Health Humanities Lab
Launched in Fall 2016, this FHI Lab is associated with the departments of Romance Studies and Cultural Anthropology at Duke University. It is co-directed by faculty members Deborah Jenson and Neil Prose.
The FHI Health Humanities Lab takes an inventive, interdisciplinary approach to understanding the health of populations locally and worldwide through work grounded in histories, literatures, languages, cultures, arts, media, and critical theory. The lab structure is intrinsically vertically-integrated, involving undergraduates, graduate students, postdocs, faculty, and community in interest-driven research projects. We are also interested in thinking about the “whole person” in Campus and Health contexts: the dynamic continuum along which the identities of learners, educators, patients, and health care providers, are not mutually exclusive. As Provost Kornbluth has commented, “Beyond helping to train compassionate and humanistic health care providers and providing new therapeutic interventions, the health humanities can offer us novel, interdisciplinary ways of thinking about health and what it truly means to be ‘well.’”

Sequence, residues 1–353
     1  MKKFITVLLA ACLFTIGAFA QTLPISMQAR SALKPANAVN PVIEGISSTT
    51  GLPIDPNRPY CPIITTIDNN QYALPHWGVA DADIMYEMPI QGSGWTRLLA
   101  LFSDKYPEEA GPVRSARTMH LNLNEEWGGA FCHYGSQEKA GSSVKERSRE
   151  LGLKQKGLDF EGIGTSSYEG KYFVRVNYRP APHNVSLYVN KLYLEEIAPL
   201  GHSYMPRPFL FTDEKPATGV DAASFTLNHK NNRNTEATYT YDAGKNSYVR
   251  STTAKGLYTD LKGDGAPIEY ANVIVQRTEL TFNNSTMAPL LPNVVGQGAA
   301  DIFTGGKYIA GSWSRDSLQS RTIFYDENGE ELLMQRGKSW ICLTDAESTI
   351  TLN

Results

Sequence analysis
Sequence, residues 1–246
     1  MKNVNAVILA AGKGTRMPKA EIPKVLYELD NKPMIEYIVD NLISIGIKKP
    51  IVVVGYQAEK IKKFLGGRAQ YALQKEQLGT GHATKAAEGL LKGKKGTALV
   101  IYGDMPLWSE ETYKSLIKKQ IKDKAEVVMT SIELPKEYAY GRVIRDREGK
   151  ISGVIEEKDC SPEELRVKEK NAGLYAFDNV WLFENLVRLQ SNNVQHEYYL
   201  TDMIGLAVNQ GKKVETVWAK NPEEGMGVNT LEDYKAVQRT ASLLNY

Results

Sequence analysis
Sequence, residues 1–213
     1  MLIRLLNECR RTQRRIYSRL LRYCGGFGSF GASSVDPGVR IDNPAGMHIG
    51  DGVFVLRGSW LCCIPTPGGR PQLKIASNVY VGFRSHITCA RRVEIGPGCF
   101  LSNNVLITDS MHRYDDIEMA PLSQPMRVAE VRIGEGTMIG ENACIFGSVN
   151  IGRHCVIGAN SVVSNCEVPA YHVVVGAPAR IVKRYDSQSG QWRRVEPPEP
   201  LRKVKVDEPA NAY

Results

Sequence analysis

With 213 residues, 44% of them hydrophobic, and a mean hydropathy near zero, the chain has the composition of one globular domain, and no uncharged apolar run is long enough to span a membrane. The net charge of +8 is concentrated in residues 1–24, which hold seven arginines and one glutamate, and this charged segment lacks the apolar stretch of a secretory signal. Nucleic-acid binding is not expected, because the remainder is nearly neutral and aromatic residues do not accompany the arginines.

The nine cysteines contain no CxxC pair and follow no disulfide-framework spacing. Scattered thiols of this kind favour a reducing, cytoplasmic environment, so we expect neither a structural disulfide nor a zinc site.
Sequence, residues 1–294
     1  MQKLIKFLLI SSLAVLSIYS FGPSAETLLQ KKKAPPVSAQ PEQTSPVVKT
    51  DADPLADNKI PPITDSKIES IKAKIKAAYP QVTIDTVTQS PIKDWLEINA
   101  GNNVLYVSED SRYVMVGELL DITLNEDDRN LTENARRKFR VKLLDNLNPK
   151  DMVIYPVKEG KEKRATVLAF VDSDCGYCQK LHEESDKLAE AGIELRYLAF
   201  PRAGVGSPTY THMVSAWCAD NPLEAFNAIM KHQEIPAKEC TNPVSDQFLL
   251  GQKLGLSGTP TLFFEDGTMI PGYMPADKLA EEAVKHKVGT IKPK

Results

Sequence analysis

Co-sponsored by the Provost of Duke University, Sally Kornbluth, and the Chancellor of Duke Health, Eugene Washington, the FHI HHL is committed to facilitating collaborative innovations between practitioners and scholars in the humanities, arts, and interpretive social sciences, and their counterparts in the Health Sciences. The Franklin Humanities Institute is collaborating with a sister University Institute, the Duke Global Health Institute (DGHI), to situate this lab in a new crossroads of Campus and Health: Room 0037A in the Duke Global Health Institute (DGHI) at 310 Trent Drive. The FHI synergy with DGHI will facilitate new flows and interactions, including course cross-listings familiarizing Global Health students with humanities course options. The FHI Health Humanities Lab also synergizes with the Duke, University of Virginia, and University of Bologna on the “Academy in Global Humanities and Critical Theory.”